Twelve years passed in the unhappy reign of Charles I. War and pestilence ravaged the land. By 1645, the city of Edinburgh was in a poor state. Parliament had fled to Stirling, plague had cut the population in half and most of the fit and able-bodied were away fighting in the civil wars. It was then that an additional misfortune seemed to fall on the city. One morning, a strange sail appeared in the Forth. Some of the old sailors recognised the cut of the ship and the news was swiftly sent to Edinburgh, to the home of the current Provost, Sir John Smith of Groat Hall. The ship, heading for Leith, was a Barbary Corsair, and no doubt manned by North African pirates who would burn, pillage, rob and take slaves.
A heavily armed group from the ship came ashore and after terrorising Leith, made their way to the Netherbow Gate where they demanded entry to the city. The Provost arrived and spoke with their leader. He begged them to spare Edinburgh and promised that, in return, they would be given a large amount of treasure, gathered from among the rich citizens. Besides, he pointed out, there was plague in the city and it would be dangerous for the sailors to remain.
The pirate leader agreed to this but with one additional item. He also wanted the son of the Lord Provost. The Provost wrung his hands and said that such a condition was impossible to meet – for he had no son! He had only a daughter and, alas, she was already dying of the plague.
The pirate leader went to consult with his men and when he returned said, “Very well, then bring me your daughter for I have an elixir of wondrous potency and I will cure her of this malady.”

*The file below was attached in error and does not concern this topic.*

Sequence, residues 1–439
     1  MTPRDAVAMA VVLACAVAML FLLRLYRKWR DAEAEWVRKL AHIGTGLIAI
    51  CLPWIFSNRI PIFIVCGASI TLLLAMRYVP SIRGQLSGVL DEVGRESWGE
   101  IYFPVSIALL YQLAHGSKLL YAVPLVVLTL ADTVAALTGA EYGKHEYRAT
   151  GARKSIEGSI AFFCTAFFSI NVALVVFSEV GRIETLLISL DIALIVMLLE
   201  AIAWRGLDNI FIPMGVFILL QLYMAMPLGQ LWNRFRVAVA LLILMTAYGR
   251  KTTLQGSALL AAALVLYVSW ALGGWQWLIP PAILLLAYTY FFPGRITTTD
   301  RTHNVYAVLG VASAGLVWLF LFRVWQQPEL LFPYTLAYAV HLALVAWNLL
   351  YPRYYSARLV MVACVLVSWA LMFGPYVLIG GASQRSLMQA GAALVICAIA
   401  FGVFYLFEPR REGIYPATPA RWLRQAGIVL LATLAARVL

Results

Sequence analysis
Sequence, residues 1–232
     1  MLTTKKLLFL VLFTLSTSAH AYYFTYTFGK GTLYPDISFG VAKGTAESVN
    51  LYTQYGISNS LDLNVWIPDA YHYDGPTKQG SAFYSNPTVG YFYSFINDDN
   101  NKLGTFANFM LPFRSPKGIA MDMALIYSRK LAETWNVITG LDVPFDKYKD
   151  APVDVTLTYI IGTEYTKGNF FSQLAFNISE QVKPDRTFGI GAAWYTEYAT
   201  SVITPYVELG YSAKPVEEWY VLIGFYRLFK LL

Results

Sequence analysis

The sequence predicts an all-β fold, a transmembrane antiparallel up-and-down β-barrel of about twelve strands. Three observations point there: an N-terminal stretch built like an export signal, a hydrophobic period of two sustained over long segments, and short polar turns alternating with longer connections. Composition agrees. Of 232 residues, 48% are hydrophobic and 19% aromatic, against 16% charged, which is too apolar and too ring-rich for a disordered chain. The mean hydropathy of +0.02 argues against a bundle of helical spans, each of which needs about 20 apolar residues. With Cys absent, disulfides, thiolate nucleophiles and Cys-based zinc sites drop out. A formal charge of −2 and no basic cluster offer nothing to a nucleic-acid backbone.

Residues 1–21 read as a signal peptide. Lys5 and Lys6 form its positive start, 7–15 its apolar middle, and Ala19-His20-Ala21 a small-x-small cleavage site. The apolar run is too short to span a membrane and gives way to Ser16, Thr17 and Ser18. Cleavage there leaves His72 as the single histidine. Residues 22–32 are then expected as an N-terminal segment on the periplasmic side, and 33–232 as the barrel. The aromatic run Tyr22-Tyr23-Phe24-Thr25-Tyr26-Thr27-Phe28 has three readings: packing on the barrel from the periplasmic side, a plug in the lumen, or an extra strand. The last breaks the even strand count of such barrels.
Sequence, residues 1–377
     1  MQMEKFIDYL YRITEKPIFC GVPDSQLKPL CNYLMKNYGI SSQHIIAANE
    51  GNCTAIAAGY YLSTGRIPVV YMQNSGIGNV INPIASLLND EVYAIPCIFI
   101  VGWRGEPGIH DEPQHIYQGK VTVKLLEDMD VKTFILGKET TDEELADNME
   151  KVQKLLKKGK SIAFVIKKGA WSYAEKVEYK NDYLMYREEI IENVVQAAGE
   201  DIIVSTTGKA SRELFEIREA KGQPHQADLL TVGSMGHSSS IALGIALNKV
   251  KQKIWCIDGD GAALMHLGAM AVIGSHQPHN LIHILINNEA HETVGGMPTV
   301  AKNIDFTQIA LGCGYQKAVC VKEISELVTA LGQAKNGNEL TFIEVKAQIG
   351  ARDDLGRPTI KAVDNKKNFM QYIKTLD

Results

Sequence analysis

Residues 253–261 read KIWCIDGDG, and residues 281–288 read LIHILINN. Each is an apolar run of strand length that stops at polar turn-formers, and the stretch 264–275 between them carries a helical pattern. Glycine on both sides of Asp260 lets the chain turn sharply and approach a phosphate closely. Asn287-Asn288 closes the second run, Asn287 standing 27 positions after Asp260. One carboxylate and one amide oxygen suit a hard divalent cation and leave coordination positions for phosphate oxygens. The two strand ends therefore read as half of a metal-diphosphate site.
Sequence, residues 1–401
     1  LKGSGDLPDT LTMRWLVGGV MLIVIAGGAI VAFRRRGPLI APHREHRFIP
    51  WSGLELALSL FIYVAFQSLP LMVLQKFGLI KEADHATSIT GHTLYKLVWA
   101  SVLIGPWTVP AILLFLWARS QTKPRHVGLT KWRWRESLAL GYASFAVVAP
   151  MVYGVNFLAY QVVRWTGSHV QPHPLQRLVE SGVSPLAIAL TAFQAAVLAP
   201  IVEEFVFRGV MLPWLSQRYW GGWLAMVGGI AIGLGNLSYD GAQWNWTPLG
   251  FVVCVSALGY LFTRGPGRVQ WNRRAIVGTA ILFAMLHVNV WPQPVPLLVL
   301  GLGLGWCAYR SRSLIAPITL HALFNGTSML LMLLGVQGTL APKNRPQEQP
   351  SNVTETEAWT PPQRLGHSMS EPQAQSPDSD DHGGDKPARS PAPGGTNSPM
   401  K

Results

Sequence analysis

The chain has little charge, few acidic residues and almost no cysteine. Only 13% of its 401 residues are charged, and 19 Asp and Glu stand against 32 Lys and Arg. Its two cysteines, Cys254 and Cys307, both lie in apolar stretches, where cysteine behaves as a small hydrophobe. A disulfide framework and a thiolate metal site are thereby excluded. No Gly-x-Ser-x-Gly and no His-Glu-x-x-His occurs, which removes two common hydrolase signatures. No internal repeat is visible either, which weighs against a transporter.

The Provost had no choice but to agree and the young woman was brought to a house in the Canongate, where the pirate took up residence. Remarkably, after a few days she recovered, was restored to health and allowed to go.
It was now revealed that the chief of these Barbary pirates, and the man the Provost had been speaking with, was none other than the fugitive Andrew Gray. The ship. in which he had made his escape twelve years before, had been captured by pirates and he had been sold into slavery in Morocco. He ended up in the court of the Emperor who, recognising his skill and intelligence, had promoted him. His work for the Emperor was so outstanding that he had been favoured with with riches and rewards. Finally, he sought permission to leave and was gifted a ship and crew. He had then returned to his native city intending to seek his revenge in blood but it seems that his fair captive changed his mind.
He married Sir John’s daughter and settled down in the Canongate, living the life of a wealthy citizen, his earlier crimes forgotten in return for his saving the life of the young girl and the small matter of his men not burning Edinburgh and Leith to the ground. And above his door, he erected a statue of his royal patron, the Emperor of Morocco. Look out for him when you’re next passing.
After all this time it’s impossible to prove how much of this tale is true and how much fancy – the good folk of Edinburgh have always had an ear for an entertaining story – but that particular piece of Canongate has been known as Morocco Land for a very long time. There is also a deed for the property dated 1731 that shows that the resident at that time was one, John Gray. Coincidence – or might he be a descendant of the Canongate Corsair?
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L Brockie says
Fascinating. I knew the brief story before and was familiar with the statue. Just read the book, White Gold by Giles Milton, a fascinating account of white/Christian slavery on the Barbary Coast, 16th,17th century. Andrew Gray’s story fits in so well.